As colleges and universities decide whether or not to reopen their campuses this fall, much of the discussion has focused on the ethics behind the decision and the associated health risks of in-person instruction.
As a researcher who studies health insurance policy, I see two important gaps in this discussion: 1) Who should pay the cost of treating the inevitable COVID-19 cases that will occur; and 2) What do college students need to know about their coverage?
Here are four things I think every college student – and those who care about them – should know about health insurance coverage when it comes to COVID-19.
1. Weigh coverage options
If you’re covered under a student health insurance plan through your school, it may be worth considering whether that is still your best option. The Affordable Care Act allows, but does not require, dependents to stay on their parents’ plan until age 26. Many students already take advantage of this, but if you don’t, it may be worth a second look, particularly if your parents are insured and you are staying home this fall. The catch is that your parents’ premiums might increase if they are switching from single or spousal coverage to family coverage.
Students can also qualify for a special enrollment period on HealthCare.gov – or their state-specific health insurance marketplace – if their county or state of residence is changing. This is likely a good option only if students earn some income. That’s because the financial subsidies for marketplace coverage kick in only if you are making at least 100% of the federal poverty level, which is US$12,760 a year for a single person in the lower 48 states.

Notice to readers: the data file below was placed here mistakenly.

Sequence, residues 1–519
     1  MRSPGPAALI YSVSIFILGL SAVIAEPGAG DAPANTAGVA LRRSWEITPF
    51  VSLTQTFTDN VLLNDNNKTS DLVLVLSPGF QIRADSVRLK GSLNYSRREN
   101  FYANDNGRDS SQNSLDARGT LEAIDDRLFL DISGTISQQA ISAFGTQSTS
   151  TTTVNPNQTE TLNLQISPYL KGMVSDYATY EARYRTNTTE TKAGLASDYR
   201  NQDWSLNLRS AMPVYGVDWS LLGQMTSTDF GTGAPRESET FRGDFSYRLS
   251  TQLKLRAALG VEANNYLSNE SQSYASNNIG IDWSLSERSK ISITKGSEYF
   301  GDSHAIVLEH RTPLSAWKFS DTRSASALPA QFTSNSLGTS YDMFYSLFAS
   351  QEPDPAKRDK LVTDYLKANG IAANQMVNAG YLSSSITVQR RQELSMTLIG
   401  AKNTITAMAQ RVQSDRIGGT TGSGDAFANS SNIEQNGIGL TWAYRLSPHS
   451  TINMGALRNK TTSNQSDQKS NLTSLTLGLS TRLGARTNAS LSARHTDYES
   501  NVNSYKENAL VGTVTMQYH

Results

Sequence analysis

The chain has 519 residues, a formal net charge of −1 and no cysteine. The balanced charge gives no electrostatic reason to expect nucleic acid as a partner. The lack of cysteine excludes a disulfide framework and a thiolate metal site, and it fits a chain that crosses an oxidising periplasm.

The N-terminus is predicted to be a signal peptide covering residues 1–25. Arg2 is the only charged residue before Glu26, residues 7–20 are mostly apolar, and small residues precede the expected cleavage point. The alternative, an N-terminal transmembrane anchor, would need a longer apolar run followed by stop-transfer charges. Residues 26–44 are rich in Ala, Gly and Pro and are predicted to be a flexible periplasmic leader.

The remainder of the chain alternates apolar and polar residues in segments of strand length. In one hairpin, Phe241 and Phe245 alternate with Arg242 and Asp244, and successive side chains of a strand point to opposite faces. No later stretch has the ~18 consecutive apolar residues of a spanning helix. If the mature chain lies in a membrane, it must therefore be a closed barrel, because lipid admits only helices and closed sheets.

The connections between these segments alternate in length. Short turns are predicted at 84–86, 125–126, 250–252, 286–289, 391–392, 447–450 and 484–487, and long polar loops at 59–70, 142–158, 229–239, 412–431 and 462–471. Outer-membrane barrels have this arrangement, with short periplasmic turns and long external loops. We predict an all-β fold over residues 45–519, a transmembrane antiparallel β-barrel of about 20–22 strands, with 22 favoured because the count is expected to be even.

If you don’t earn any income or work only part-time, health insurance coverage through Medicaid may be an option, depending on where you live. If you live in a state that expanded Medicaid under the Affordable Care Act, or attend a college or university in a state that did, you have a better chance of being eligible. Childless adults can qualify for free or nearly free coverage in states that expanded Medicaid with incomes up to 133% of the federal poverty level, which is $16,971 in the lower 48.
2. Ask how COVID-19 is covered
All universities planning to reopen their residential campus are developing detailed plans with protocols that include measures like social distancing, daily symptom reporting and regular testing. In these plans, a positive test will likely result in isolation, retesting, contact tracing and other measures to protect the student and their campus. However, treating complications of COVID-19 is a different story. Students will certainly be connected with treatment, but these plans don’t often address who pays for it.
Several major health insurance companies have committed to waiving out-of-pocket costs for COVID-19 treatment, but some already have plans to end this benefit. There is certainly a question of how this will work out given the potential length of the pandemic and cost of treatment for severe cases. Many of these national insurers are the companies behind student health insurance plans, so these policies may ultimately affect students, but not always.